ALASKA – Wednesday was day two of the Democratic National Convention and Alaska Democratic Delegate Matt Claman said that First Lady Michelle Obama, in her speech Tuesday night, set an overall positive mood for the four-day event.
“There is a lot of excitement, the convention mood is very positive,” said Claman.
He said that in some ways Governor Mitt Romney and President Obama are similar.
"It is very apparent from Michelle Obama’s speech, and all that we've heard from the president, that he really has a strong core set of values, and that's what Michelle Obama talked about last night,” Claman said. “A real commitment to family, to her family, to their family and to all the families of America, and to create and want for all Americans to have the same opportunity.
“In that sense I think both Governor Romney and President Obama are equally committed to family.”
But he said despite those family values, Alaska needs Obama in the White House for another term.
“Just in arctic oil development, we had eight years of George W. Bush and there was no arctic oil development, and now, here in the first term of the Obama presidency, we've got oil development going forward in the arctic.”
Claman said it’s “a perfect example of an administration working for all 50 states.”
But right now he said Romney looks like he will take the 49th state in the upcoming election.
“The majority will probably vote in favor of Governor Romney, and that’s been the prediction for months and I don't think that will change, but that doesn’t mean that all Alaskans will vote for Governor Romney.”
The one-time acting Anchorage mayor expects that about 40 percent of Alaskans will vote for the Democratic Party in the November election. He said those numbers were fairly similar in the 2008 election, when then-Governor Sarah Palin was on the ticket.
On a national platform Claman said Obama has saved the American auto industry.
At the Republican National Convention (RNC) last week, vice presidential candidate Paul Ryan blamed the Obama administration for the closing of the General Motors plant in Janesville, Wisconsin. and in turn fueled the greatest economic fall since the Great Depression.
“Right there at the plant candidate Obama said, ‘I believe that if our government is there to support you, this plant will be here for another hundred years.’ That is what he said in 2008,” Ryan said at the RNC on August 29. “Well, as it turned out, that plant didn’t last another year. It is locked up and empty to this day. And that’s how it is in so many towns today, where the recovery that was promised is nowhere in sight.”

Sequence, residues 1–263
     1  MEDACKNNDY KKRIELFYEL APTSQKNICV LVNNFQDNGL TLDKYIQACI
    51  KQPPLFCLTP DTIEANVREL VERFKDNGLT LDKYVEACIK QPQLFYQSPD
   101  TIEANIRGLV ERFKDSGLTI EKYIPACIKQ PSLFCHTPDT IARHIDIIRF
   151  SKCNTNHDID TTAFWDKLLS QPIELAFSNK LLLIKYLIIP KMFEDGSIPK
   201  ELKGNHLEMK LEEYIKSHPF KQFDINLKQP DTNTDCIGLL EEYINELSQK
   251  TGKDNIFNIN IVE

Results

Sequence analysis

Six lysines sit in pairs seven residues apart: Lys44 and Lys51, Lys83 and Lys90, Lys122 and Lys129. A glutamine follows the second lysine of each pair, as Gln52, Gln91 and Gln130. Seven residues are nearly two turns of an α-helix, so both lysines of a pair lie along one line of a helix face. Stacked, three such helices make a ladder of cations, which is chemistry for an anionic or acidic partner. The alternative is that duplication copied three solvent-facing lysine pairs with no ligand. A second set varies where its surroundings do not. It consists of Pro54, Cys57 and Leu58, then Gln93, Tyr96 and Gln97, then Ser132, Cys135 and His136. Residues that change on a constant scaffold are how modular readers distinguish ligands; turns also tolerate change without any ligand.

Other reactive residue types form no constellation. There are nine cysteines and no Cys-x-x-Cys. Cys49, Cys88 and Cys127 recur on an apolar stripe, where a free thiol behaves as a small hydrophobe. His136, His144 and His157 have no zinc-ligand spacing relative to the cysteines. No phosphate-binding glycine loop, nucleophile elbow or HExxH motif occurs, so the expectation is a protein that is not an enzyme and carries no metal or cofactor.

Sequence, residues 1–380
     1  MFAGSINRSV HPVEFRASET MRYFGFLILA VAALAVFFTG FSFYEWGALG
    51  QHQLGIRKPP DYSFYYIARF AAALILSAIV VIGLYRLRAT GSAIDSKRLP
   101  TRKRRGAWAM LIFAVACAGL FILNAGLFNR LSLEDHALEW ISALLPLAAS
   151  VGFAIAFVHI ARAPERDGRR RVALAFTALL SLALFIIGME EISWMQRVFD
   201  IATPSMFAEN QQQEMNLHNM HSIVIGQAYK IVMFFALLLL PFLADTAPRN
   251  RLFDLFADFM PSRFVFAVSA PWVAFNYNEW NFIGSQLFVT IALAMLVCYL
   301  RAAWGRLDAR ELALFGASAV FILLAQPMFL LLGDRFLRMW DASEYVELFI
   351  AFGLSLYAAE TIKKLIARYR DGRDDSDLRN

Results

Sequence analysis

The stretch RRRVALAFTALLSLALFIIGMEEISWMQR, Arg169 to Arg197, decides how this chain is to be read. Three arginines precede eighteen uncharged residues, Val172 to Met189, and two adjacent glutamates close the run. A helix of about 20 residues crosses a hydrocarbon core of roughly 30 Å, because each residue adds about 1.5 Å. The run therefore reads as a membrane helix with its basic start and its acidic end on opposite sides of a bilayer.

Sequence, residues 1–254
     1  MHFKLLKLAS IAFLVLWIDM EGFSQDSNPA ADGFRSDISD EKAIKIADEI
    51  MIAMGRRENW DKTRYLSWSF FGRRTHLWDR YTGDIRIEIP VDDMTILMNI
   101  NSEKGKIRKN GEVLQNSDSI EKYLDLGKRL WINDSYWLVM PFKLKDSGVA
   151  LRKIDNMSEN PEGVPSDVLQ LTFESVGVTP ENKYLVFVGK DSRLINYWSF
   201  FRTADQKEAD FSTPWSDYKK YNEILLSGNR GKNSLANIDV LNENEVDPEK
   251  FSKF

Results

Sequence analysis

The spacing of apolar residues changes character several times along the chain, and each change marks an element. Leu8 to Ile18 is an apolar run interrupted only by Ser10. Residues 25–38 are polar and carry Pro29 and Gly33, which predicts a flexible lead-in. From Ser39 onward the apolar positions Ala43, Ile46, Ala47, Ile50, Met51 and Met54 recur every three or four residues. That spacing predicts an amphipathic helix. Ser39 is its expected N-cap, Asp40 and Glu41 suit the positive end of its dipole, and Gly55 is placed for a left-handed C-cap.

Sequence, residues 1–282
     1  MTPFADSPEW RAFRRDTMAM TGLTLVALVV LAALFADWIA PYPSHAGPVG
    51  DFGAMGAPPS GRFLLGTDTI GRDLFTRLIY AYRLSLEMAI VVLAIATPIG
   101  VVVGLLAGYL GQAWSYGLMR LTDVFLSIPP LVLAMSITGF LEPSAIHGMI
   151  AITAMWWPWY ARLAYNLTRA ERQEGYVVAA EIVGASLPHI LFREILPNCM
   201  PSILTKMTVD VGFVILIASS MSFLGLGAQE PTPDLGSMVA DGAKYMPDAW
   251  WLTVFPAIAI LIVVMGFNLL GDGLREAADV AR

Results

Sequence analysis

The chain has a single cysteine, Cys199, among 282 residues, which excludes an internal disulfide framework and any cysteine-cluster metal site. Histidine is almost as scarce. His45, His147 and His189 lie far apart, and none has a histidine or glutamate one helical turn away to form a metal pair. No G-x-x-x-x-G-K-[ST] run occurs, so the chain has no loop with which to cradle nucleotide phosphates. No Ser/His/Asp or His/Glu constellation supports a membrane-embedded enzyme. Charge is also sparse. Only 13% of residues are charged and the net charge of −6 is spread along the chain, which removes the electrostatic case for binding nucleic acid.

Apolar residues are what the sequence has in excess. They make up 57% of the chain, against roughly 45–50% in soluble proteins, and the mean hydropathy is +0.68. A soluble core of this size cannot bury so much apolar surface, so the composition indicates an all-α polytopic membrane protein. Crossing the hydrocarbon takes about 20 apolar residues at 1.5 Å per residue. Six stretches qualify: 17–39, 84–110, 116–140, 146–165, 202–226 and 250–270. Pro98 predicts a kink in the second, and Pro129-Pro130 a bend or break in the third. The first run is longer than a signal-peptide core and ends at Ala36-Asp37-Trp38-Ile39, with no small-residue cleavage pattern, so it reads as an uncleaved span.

Claman said that’s not true.
That plant's last full day of work was in December 2008; Obama didn’t present his speech until February (for the full speech, click here).
According to Claman, GM and Chrysler would both have seen much harder times had Obama not stepped in.
“One of the really impressive features that we really haven’t heard about in Alaska was President Obama’s work to save the auto industry. Business analysts were saying both General Motors and Chrysler were really ready to go under, and there were people that said, including, I think, Governor Romney, saying let General Motors go under, let the market take its way.”
Claman said that kind of proposal is “risky” and takes “courage,” and in the end he said it was beneficial. Former President Bill Clinton backed up those statements in his public address Wednesday night (watch the video of his entire speech at the end of this story).
“Today we have a very strong General Motors, a very strong Chrysler, and I think if President Obama had not taken that leadership we would not have the auto industry in the U.S. that we have today,” Claman said.
The final day of the Democratic National Convention has had an abrupt change of plans. On Thursday, the day President Obama will accepting his nomination, the speech was supposed to take place in an outdoor arena, where more than 65,000 people were expected to be in the audience. But due to heavy rains and wind, they will be moving back inside the Time Warner Cable Arena, which holds about 20,000.
“It's actually interesting; yesterday I know Anchorage had huge wind storms and rain storms, and I think the rain is still going on, and because of rain storms here in Charlotte they had to cancel the plans to have the acceptance speech tomorrow night outdoors.”
The final call on the venue change was made Wednesday morning.
"It’s a reminder that we all have to deal with the weather."